A steel cutting ceremony for the Celebrity Reflection was held at the Meyer-Werft Shipyard last week, when the first steel plate was cut for the new vessel. The ship will be the fifth and last of Celebrity’s very popular Solstice class, scheduled for delivery in November 2012.
Celebrity Reflection represents the culmination of the Solstice class, incorporating and expanding on the features that have been so well received by passengers. The ship, at 126,000 gross tons, will be the largest of the class. She’ll have an additional deck and 72 additional cabins, accommodating 3030 passengers at double occupancy. More than 90% of the cabins are outside, and approximately 90% of those will have balconies.
Among the highlights, the ship will feature 34 AquaClass Suites, measuring 251 square feet with a 57 square foot balcony. Michael’s Pub will be enhanced with the addition of up to 50 international craft beers, and outdoor grilling will be offered in the new Lawn Club Grill.
Artist Rendering of New Ship
Well, the rumors that I wrote about last month have now been confirmed. Norwegian Cruise Line has reached an agreement with Meyer Werft to build two new ships for delivery in Spring 2013 and Spring 2014. Coming in at 143,500 tons, the ships will be the largest built in Germany.
The contract price for the two ships is 1.2 billion euros. NCL has estimated the passenger capacity for the ships will be 4000 double occupancy, but some industry insiders are suggesting it will be closer to 4050 passengers. The Norwegian Epic is 9% larger than these newbuilds, but carries only 50 more passengers. The ships’ design is said to be a bit sleeker and more traditional than the boxy Epic, but there will be less space per passenger than found on Epic.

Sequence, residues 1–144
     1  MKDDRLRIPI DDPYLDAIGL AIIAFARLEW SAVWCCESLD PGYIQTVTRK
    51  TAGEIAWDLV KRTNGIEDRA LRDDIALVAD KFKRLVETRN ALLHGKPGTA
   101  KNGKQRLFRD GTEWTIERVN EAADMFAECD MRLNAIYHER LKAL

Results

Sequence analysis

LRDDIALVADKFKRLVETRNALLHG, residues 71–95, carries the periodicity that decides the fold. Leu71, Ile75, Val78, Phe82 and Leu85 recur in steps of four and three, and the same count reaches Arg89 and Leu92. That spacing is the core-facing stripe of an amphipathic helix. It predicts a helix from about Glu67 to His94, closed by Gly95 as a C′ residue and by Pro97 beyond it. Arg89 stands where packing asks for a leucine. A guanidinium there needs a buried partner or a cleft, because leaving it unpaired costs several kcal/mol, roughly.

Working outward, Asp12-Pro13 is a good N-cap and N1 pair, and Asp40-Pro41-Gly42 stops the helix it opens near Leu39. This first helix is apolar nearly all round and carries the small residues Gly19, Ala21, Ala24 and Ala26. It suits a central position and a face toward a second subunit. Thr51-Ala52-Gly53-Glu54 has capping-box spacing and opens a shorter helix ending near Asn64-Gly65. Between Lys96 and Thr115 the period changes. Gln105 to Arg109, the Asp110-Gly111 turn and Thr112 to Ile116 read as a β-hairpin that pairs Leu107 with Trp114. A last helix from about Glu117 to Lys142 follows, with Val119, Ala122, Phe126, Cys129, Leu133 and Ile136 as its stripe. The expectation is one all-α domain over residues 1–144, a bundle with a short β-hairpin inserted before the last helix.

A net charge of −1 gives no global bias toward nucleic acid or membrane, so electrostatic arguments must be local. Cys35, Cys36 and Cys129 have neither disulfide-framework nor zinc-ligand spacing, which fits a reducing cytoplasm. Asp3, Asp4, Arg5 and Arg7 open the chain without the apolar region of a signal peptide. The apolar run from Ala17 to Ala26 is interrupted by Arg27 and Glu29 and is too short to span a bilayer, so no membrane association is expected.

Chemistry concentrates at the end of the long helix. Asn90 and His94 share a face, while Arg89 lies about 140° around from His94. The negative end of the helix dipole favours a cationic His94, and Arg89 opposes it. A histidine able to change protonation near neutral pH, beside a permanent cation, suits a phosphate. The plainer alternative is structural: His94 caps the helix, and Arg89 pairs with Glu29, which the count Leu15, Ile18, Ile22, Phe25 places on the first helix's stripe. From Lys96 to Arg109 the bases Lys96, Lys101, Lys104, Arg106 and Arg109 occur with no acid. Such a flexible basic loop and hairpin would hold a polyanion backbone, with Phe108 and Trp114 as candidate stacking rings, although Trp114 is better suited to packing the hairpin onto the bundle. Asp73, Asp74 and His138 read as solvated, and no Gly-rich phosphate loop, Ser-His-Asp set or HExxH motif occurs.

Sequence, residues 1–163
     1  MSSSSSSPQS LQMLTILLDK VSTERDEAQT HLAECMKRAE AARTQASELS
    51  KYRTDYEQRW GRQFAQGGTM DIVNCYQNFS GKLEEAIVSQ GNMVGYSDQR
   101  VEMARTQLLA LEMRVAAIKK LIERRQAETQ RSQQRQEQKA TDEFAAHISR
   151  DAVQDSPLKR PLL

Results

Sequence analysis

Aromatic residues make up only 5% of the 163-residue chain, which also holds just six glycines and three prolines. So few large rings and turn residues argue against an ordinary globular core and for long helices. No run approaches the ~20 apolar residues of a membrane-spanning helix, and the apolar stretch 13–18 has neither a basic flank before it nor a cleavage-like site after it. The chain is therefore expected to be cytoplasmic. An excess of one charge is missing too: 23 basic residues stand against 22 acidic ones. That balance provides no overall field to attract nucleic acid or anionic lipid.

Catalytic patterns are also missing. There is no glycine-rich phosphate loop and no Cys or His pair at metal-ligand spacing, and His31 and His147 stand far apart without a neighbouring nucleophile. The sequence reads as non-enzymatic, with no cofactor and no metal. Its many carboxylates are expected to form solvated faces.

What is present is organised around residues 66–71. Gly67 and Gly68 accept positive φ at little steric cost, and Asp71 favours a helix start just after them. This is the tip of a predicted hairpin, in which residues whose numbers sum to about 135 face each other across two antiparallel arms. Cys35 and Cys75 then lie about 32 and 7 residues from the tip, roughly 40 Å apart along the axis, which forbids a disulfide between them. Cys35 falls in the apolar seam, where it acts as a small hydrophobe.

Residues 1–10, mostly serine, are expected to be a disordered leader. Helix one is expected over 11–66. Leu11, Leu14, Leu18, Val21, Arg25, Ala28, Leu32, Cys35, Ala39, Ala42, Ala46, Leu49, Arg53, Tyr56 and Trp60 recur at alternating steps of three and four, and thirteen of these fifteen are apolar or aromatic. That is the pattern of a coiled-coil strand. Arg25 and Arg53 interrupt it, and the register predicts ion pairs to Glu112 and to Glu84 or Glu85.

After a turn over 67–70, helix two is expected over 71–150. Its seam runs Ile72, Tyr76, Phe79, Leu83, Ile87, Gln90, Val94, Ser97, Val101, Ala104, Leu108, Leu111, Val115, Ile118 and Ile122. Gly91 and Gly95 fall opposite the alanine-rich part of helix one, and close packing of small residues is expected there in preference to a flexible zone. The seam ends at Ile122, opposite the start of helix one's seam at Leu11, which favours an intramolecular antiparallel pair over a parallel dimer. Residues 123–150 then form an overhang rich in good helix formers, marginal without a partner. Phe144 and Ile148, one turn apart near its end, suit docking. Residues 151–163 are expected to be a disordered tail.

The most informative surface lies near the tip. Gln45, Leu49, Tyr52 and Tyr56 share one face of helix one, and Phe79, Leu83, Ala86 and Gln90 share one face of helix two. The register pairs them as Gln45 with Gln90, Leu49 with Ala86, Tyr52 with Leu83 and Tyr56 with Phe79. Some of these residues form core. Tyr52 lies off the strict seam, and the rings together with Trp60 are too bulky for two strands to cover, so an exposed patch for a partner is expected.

The contract represents a major expansion for NCL, increasing passenger capacity by 30%. This is a bit of a departure from the line’s conservative approach of recent years, and is the first new order under CEO Kevin Sheehan, who took over in 2008.
“We have always been focused on a disciplined approach to capacity growth. Our decision to add two new ships reflects the significant progress we have made in improving our operating performance and repositioning the Company over the last several years, as well as the strong market demand we are seeing for Norwegian Epic and our other ships,” said Sheehan. “Building on the incredible success and popularity of Norwegian Epic, we are taking the best of what our newest ship has to offer, as well as drawing on our legacy of innovation in the cruise industry, in creating a new class of Freestyle Cruising vessel that is sure to provide our guests with the unparalleled freedom and flexibility they have come to expect on a Norwegian cruise.”
With the Epic, Norwegian Cruise line positioned itself at the forefront of innovation in the cruise industry. It will be interesting to watch as these two ships develop.
Rumors swirled about the cruise industry over the weekend that Norwegian Cruise Line has signaled its intention to build at least two, and perhaps three, new ships. NCL would take delivery of the first in 2013. The contract is said to be with Meyer Werft, the German shipbuilding enterprise. The new ships will represent a new class within NCL’s fleet, and are thought to be planned to come in a bit smaller than the Norwegian Epic.
If true, this would represent a bit of a twist in NCL’s recent history. Norwegian Epic was constructed at STX Europe’s French facility, the first of what was envisioned to be two or three Epic class ships. One of the proposed ships was cancelled early on in the process, and construction was halted altogether at one point while NCL and STX Europe ironed out a dispute. Construction eventually resumed with a new agreement, but the second proposed ship was cancelled. Ultimately Epic sailed out of the yard, her fire plagued construction completed, as the lone example of her class.
NCL has been quite conservative in their shipbuilding, taking delivery of only one new ship in the last three years. They were willing to walk away from two others, when circumstances and the economy suggested they do so. They’ve also proved themselves to be quite innovative with their ships. Their success with Epic has raised the bar for them. I’m anxious to see what they come up with next.